University of Wisconsin-Milwaukee Post, as a print publication, passed away in late 2012. However, it plans to pull a phoenix and arise anew from the newsprint-scented ashes in January 2013, assuming humanity doesn’t experience the Mayan apocalypse before then (it won’t). Although visitors can already read the paper online, the official launch will not happen until after the new year ticks. Even though the Post, as it’s now called by all the cool kids, began operations in 1956, few mourn its voyage to the great Gutenberg In The Sky. In fact, they seem to enthusiastically embrace this new path paved with zeroes and ones, believing the step just another major “life event” in the periodical’s history.

  5. The Western Herald:

    Like Texas Christian, Western Michigan University is slowly phasing out its traditional print paper in favor of something more virtual by letting everyone down gently using a “digital-first” strategy. This means the website breaks all the news and views first before the monthly newspaper hits campus stands. Social media in particular plays a role in shaping The Western Herald’s new direction, as they encourage Facebook and Twitter readers to participate in discussions of events and incidents as they unfold, for a more citizen journalism-oriented look at WMU. In addition, students, faculty, and staff can sign up for the Daily Buzz, an e-mail digest keeping them informed of any pressing stories and interesting or popular tidbits they might otherwise miss.

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Online Education: Non-Profits Fight Back?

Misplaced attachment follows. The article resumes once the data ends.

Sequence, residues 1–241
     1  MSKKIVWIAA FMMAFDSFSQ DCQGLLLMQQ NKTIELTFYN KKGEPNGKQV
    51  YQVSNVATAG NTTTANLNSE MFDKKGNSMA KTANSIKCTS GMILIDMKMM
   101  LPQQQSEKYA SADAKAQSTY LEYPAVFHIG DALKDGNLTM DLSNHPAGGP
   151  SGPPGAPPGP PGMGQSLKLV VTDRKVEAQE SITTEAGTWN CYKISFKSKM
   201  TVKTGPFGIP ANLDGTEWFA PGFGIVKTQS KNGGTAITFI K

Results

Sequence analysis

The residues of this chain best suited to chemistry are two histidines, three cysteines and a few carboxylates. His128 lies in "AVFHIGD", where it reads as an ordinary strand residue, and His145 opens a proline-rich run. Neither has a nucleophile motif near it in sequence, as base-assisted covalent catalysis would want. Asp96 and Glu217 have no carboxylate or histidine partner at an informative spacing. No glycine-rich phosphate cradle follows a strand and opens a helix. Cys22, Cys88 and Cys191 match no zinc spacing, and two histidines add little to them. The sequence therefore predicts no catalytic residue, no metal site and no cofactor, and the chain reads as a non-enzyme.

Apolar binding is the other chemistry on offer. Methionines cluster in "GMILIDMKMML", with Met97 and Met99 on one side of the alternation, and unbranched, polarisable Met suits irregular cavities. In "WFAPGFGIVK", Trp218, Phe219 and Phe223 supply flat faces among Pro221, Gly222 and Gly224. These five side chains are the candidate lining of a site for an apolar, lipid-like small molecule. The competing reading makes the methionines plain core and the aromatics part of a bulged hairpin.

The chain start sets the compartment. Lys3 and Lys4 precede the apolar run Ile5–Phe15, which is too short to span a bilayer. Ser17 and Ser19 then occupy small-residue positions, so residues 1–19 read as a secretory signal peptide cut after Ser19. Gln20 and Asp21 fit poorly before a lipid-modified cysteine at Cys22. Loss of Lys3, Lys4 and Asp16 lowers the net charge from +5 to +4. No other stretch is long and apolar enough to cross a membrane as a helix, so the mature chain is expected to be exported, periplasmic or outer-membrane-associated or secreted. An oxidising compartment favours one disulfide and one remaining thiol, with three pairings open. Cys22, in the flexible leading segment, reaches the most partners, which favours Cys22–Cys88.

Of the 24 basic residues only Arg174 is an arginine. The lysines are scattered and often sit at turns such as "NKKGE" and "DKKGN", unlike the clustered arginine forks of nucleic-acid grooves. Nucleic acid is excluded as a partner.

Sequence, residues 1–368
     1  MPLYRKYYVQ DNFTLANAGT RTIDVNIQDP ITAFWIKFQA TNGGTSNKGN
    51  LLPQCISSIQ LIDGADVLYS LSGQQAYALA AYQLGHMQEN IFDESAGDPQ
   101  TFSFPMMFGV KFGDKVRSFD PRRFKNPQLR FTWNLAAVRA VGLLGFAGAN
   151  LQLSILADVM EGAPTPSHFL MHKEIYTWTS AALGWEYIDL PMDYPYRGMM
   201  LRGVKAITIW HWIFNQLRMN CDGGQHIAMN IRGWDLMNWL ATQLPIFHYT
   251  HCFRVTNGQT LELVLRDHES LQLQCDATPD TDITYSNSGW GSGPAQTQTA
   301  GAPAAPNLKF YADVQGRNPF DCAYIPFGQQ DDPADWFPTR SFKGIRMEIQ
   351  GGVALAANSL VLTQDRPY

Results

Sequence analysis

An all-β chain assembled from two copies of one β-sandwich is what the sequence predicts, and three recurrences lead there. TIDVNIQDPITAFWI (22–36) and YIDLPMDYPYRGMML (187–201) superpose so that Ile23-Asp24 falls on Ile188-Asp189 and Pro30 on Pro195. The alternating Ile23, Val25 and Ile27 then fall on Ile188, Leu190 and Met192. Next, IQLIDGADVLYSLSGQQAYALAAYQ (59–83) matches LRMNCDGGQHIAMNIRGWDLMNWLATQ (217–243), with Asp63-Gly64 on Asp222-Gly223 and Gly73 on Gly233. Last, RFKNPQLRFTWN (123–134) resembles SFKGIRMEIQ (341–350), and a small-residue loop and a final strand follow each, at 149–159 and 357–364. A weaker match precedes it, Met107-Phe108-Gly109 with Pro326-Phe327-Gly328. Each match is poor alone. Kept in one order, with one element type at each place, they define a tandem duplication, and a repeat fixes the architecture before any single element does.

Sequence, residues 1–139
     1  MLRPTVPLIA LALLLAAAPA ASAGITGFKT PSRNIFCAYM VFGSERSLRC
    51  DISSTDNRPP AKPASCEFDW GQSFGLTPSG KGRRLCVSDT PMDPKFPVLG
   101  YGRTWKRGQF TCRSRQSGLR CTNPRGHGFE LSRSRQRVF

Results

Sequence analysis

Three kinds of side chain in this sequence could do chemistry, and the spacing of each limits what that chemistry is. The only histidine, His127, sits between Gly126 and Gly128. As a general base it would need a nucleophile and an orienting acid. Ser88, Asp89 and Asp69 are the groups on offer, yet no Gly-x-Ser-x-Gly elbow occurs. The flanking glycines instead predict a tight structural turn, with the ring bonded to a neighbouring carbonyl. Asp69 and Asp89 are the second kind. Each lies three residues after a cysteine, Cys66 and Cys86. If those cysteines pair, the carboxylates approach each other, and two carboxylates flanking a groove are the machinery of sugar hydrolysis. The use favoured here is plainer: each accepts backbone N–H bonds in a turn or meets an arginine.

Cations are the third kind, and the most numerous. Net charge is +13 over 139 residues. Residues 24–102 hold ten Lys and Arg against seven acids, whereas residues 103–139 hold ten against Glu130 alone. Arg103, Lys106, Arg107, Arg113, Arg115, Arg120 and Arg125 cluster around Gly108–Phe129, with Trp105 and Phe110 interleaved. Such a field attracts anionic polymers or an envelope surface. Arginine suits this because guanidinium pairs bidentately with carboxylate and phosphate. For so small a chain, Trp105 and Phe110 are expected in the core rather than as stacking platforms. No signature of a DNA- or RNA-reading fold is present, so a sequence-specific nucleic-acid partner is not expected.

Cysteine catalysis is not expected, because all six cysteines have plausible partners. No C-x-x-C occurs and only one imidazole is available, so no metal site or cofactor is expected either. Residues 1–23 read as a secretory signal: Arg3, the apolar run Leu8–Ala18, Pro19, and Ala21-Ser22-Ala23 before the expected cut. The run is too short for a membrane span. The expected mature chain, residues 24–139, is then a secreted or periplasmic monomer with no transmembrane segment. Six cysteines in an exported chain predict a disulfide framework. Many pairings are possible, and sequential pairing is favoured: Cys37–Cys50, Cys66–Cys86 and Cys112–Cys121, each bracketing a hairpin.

Dec. 13th 2012

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Mobile Lives of College Students

Dec. 4th 2012

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Where’s Siri in the Classroom?

Dec. 4th 2012

At the time of its release with the iPhone 4S on Oct. 4, 2011, the personal assistant software known as Siri was touted as AI without compare in consumer electronics. It was going to revolutionize computing just as the Mac had done. Though not specifically an educational program, many in the academic field believed Siri could soon come to play a big part in the classroom … but that hasn’t happened. We’re looking into where Siri has made some inroads and why the smooth-talking lady has had a rough go.

How it’s being used

  • Record-keeping:

    This seems to be the most common way Siri is being employed in classroom settings. Today’s teachers have to maintain copious amounts of documentation on their kids, and many have streamlined the process of note-taking and documenting conferences with students and parents by using Siri.

  • Calling and emailing:

    These are among the top uses of Siri in the general population, and teachers are no exception. With her they don’t have to lose their place in gradebooks and exams when they come across the need to call or email a parent or a colleague about a troubled student or an upcoming meeting.

  • Problem solving:

    Kansas teacher Marsha Ratzel’s students used their iDevices to gather info for an estimation problem involving diapers in a large shipping package. While it couldn’t give them the exact answer, it did help them discover info on the different sizes of diapers that helped them reach a solution.

  • Setting reminders:

    The reminder function of Siri is one of its biggest draws for adult users. With it, school kids are able to keep track of homework, projects, and tests with just a word to their animatronic friend.

  • Note-taking:

    Although better options exist (see below), older students in high school and college can and are putting Siri to work taking notes and transcribing lectures.

  • Opening apps:

    If anyone has their hands full on a typical work day, it’s teachers. Siri now has the ability to open apps by voice command and teachers, who are always looking for ways to save time, are taking them up on it.

  • Cheating: